• GPS cell phone app directs illegal border crossers to water

    Researchers at the University of California-San Diego develop GPS-based cell phone application aiming to help illegal immigrants by directing them to prepositioned water bins in the desert; critics say this amounts to aiding law-breaking, while supporters argue this is the humane thing to do

  • 2010: Topics for homeland security discussion

    The only thing we can say for sure about 2010 is terrorists, criminals, and mother nature will surprise us at some point during 2010; still, based on what we do know, we offer a short list of topics we predict will dominate the homeland security discussion in the coming year – from whole-body scanners to 100 percent air cargo screening to social Web sites to communication interoperability to the consequences of climate change (or is there a climate change?)

  • Canada’s remote border crossing programs pose “security concerns” evaluation says

    Canada has a long borders, and before 9/11 the Canadian federal government made it easier for travelers to cross into Canada at remote border crossing where security is not as tight as it is in major cross points; a new study says this system must change because it is not secure enough

  • Ferry giant refuses ID card

    A husband and wife from Hull trying to take a ferry to Rotterdam for Christmas shopping were denied boarding after the ferry’s crew refused to accept the U.K.’s new biometric ID card as a means of identification; the couple applied for the card when it was offered on a voluntary basis to the public in Greater Manchester; the card is meant to allow travel across Europe as an alternative to a passport, but the crew, saying they had never seen such a card before, insisted on the couple producing their passports; since the couple had left their passports at home, they could not take their trip

  • A first: Arizona firm punished under hiring law

    For the first time in Arizona, a company employing illegal immigrants has been punished for violating the law; the company has its business license suspended for ten days and was put on a 3-year probation; the punishment is symbolic because the company is already out of business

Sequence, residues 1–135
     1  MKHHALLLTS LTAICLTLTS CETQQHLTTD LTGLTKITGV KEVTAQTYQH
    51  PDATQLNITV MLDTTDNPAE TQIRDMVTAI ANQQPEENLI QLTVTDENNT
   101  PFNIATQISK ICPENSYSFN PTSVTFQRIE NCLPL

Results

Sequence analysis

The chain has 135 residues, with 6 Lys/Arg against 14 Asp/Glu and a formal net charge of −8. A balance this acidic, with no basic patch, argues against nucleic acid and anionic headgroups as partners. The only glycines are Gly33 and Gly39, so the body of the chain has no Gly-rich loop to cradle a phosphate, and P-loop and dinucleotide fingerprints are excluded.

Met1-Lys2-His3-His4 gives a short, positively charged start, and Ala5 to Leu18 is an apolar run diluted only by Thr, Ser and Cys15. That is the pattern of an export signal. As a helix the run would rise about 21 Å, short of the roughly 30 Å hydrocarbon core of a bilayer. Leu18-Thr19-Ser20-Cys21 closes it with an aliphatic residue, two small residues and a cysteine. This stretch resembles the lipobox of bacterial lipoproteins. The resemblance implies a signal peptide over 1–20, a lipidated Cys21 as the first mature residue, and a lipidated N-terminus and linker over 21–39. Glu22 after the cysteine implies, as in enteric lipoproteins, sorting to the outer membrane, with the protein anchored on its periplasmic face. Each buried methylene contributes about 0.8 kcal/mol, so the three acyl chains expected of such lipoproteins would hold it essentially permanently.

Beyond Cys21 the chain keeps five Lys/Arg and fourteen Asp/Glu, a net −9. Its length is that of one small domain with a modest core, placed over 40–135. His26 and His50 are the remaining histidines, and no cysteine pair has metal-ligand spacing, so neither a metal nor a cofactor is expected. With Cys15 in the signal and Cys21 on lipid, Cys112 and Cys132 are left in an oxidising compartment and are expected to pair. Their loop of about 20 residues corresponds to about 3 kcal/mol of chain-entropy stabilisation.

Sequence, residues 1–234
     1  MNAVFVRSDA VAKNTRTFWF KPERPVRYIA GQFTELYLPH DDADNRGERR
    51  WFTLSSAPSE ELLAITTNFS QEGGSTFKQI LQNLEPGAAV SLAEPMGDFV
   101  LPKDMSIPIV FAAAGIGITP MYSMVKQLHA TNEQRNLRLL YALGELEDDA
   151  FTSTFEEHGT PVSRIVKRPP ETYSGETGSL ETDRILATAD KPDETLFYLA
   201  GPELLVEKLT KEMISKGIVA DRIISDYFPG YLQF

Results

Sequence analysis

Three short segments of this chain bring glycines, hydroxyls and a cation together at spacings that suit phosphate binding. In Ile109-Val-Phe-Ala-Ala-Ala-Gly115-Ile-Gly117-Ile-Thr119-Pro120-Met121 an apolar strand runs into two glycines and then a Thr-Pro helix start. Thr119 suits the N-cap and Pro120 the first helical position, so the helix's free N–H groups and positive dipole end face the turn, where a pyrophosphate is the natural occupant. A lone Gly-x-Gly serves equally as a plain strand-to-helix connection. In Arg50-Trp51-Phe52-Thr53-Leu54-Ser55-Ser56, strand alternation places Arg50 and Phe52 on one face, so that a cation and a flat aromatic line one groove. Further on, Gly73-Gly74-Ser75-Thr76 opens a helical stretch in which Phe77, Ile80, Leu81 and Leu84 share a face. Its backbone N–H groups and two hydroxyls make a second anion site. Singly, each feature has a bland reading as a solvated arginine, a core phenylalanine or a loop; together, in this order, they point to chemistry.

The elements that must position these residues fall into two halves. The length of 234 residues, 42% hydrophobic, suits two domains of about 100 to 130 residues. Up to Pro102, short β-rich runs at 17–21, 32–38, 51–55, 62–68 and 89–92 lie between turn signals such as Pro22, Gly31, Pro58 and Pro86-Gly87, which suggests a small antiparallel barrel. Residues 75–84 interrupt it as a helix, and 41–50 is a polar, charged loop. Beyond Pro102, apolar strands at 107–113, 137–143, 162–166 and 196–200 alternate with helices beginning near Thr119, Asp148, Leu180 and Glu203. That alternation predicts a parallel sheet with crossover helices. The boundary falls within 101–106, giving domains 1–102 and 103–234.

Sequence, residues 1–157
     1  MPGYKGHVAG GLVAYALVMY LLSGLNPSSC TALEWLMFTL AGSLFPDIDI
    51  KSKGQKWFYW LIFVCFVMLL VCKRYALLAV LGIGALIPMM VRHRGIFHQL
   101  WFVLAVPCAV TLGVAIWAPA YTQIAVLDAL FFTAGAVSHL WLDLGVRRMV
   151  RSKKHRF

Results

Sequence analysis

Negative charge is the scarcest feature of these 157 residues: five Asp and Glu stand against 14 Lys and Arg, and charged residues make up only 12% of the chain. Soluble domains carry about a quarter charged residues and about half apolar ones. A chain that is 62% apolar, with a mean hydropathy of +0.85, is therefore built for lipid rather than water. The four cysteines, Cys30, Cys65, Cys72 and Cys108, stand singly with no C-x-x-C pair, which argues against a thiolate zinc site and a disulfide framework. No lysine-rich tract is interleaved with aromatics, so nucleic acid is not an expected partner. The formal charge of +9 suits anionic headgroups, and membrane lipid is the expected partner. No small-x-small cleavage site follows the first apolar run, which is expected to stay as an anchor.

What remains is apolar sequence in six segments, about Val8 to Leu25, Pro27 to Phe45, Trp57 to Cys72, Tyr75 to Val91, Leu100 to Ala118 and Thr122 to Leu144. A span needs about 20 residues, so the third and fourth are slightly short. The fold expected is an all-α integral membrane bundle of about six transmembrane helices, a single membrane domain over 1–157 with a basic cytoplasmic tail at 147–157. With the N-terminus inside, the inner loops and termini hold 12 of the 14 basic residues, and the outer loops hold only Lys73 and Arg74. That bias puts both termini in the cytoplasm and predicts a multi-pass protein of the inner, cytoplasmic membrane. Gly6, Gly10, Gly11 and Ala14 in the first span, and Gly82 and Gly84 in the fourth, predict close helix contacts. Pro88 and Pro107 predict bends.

• U.K. e-Borders scheme thrown into confusion by EU rules

    The U.K’s. £1.2 billion e-Border scheme would mandate that, say, someone flying from the United Kingdom to Spain would be required to submit their name, date of birth, and passport details ahead of a flight and well before they got to the airport, or face the risk of being prevented from boarding; the EU says this violates the union’s rules on free movement within the EU region.

  • House to consider new immigration bill

    An Illinois Democrat introduces an immigration reform bill that would allow illegal immigrants currently in the United States to gain legal status and possibly citizenship; they would have to demonstrate they had been working, pay a $500 fine, learn English, and undergo a criminal background check, among other provisions; unlike previous proposals in Congress, they would not have to return to their homeland first, something known as “touchback”

  • Technological action-reaction along U.S.-Mexico border

    Illegal border crossers into the United States are becoming more sophisticated – the latest is a GPS application which is supposed to help crossers evade Border Patrol agents – but those in charge of protecting U.S. borders are also employing advanced technology to keep the border secure.